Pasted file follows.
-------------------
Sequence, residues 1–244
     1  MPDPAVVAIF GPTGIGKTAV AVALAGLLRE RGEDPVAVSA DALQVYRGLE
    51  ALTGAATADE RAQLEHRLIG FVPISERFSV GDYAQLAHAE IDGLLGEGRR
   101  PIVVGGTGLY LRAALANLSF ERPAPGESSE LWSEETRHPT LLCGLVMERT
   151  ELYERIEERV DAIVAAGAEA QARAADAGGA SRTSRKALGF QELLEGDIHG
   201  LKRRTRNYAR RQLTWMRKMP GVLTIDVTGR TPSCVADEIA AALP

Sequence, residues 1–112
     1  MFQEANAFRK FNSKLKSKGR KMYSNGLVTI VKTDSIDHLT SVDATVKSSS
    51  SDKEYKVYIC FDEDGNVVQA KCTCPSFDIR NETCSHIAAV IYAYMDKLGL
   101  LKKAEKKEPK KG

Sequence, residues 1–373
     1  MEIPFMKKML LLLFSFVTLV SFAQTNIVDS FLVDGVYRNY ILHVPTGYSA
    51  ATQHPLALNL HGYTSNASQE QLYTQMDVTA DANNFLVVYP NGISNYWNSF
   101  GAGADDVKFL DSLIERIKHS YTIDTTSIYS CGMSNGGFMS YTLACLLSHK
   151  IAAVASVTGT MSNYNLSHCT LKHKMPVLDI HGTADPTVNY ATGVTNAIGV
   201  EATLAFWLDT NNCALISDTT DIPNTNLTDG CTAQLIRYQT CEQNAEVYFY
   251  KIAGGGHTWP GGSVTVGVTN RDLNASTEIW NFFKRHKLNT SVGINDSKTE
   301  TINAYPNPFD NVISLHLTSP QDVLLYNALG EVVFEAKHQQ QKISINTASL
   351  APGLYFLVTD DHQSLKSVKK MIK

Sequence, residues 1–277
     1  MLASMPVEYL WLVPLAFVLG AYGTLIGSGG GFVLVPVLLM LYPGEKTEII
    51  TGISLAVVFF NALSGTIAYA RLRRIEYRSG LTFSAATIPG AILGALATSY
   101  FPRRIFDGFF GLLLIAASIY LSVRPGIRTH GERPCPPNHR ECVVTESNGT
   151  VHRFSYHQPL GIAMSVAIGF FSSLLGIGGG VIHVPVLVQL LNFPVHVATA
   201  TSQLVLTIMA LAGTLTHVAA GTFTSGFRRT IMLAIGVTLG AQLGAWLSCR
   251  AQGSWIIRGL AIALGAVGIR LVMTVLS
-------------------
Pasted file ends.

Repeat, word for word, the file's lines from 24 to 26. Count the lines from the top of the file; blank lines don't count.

   151  VHRFSYHQPL GIAMSVAIGF FSSLLGIGGG VIHVPVLVQL LNFPVHVATA
   201  TSQLVLTIMA LAGTLTHVAA GTFTSGFRRT IMLAIGVTLG AQLGAWLSCR
   251  AQGSWIIRGL AIALGAVGIR LVMTVLS